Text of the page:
Federal offshore chief calls for urgency in bolt failure inquiry

Brian Salerno, director of the Bureau of Safety and Environmental Enforcement, touring the Offshore Technology Conference Tuesday. (PHOTO: BSEE)
Brian Salerno, director of the Bureau of Safety and Environmental Enforcement, touring the Offshore Technology Conference in Houston in 2016. (PHOTO: BSEE)

The federal government’s top offshore drilling regulator said Monday that regulators and the oil and gas industry need to figure out why bolts are failing on undersea equipment used in offshore drilling “sooner rather than later.”

“We need to have the root cause before we dictate a solution,” Brian Salerno, director of the Bureau of Safety and Environmental Enforcement, said at a news conference Monday. “It’s in nobody’s interest to have a catastrophic failure.”

RELATED: Fears of failing bolts on Gulf rigs continue to worry experts

The government urgency on a problem that stretches back a decade is a result of greater awareness about the growing frequency of broken bolts that hold together critical equipment like blowout preventers.

General Electric Oil & Gas, one of three primary suppliers, issued a global recall after its bolts on a piece of undersea equipment in the Gulf of Mexico failed in 2012, releasing more than 400 barrels of drilling fluid into the water.

That incident was reported to the government but many more were not, federal officials say, masking the extent of the problem. That will change with new rules put into place by the safety bureau this year that require the reporting of equipment failure regardless of whether pollution or worker injury occurred.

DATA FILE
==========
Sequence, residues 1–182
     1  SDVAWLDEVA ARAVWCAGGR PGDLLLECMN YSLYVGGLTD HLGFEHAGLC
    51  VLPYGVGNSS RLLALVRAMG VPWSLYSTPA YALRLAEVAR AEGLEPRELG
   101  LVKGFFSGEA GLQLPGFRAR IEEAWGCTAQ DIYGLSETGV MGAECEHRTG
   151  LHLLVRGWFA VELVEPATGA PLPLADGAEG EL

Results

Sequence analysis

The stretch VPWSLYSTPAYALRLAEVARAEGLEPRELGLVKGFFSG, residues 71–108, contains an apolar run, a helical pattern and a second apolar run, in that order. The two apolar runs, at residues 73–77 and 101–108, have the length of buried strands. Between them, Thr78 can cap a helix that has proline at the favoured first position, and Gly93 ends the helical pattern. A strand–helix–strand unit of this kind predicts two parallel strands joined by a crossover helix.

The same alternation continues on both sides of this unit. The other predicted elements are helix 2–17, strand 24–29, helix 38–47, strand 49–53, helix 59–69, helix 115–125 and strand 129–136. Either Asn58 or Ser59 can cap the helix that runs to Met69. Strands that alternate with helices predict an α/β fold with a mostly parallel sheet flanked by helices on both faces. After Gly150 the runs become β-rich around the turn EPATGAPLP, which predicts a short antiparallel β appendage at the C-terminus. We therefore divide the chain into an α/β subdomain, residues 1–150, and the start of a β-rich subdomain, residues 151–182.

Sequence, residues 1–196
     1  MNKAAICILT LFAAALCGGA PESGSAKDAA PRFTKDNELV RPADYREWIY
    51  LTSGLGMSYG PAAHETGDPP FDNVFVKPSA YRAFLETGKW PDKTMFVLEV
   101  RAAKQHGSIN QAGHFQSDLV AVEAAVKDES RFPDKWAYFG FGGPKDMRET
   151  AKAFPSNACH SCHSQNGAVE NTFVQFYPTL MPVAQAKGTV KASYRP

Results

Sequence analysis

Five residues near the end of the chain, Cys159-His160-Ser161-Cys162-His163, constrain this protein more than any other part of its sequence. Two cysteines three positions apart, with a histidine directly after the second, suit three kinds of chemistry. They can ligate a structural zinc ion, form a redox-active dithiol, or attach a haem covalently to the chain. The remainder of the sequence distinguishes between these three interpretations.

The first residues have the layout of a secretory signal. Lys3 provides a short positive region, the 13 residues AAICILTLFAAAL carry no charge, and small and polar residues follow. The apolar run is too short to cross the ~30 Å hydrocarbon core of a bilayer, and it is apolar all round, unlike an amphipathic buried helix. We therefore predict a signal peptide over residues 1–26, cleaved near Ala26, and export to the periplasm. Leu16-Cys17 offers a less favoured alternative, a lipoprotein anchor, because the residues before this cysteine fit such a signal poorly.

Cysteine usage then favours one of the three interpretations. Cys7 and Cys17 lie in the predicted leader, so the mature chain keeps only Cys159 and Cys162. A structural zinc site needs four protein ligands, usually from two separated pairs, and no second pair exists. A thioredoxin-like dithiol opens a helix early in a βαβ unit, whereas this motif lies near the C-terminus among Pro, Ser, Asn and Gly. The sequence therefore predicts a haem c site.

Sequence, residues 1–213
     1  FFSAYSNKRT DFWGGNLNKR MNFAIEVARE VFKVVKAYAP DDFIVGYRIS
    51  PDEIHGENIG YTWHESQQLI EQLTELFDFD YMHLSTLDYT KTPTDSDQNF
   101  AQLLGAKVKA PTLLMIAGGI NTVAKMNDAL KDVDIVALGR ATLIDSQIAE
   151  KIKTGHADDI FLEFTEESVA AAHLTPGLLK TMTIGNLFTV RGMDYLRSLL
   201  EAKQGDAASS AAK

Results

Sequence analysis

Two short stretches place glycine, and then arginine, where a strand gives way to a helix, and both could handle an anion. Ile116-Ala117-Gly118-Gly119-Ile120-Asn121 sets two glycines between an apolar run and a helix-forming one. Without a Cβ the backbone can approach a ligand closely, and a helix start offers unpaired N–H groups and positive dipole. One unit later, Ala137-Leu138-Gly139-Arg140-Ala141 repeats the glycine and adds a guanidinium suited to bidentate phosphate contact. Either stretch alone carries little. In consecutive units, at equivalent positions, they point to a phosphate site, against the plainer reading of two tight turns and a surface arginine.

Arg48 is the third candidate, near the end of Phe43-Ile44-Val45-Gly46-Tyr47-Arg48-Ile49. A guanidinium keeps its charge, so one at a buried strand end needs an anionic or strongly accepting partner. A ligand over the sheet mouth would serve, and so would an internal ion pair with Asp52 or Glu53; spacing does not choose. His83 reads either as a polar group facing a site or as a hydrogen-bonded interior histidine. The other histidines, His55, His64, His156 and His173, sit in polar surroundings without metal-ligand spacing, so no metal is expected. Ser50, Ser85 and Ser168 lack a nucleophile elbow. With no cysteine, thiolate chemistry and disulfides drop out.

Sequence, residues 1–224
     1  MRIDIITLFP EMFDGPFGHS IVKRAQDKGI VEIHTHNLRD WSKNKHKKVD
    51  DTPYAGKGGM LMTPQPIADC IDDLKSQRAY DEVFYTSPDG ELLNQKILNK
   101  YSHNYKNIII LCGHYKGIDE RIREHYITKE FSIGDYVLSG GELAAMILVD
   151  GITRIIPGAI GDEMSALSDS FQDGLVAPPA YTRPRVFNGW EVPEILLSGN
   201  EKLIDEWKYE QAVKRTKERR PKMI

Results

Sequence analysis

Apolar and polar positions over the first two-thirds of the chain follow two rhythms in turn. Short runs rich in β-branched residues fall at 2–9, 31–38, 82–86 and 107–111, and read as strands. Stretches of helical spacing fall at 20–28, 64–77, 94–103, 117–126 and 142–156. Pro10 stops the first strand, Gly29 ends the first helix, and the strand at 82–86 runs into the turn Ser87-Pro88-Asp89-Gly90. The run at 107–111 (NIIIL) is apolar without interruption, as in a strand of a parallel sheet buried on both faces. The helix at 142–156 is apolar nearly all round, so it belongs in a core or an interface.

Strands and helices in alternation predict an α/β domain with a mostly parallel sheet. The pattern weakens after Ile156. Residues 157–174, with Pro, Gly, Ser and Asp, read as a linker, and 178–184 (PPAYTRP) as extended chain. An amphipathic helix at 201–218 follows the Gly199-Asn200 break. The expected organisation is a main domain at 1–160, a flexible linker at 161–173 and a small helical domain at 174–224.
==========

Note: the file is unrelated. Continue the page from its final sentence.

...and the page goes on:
RELATED: Investigation tracks failure of subsea bolts

The offshore drilling industry had discussed possibly replacing all the bolts in question in the Gulf over a period of years. But those discussions have ended pending a better understanding of the problem, Salerno said.

“There was some back and forth, but the thinking has evolved on this,” he said.

Within the bureau, which was created after BP’s Deepwater Horizon spill in 2010, the belief is that before any action is taken engineers must first figure out what is causing the bolts to fail. Possibilities include flaws in the fabrication process or simple overtightening of bolts during installation in the field.

Bureau officials have drawn in scientists from government agencies including the National Institute of Standards and Technology and the Nuclear Regulatory Commission to sit on a task force. On Monday, the bureau staged a forum in Washington with speakers from inside and outside the agency, to present what they know so far.

Already, those discussions have opened the possibility that the bolt failures on undersea oil and gas equipment might extend to facilities on land.

“There’s some indications that the problem may manifest itself in other industries,” Salerno said.  “Pipelines for instance onshore potentially could be affected if the issues are related to torquing or stress corrosion, things like that.”

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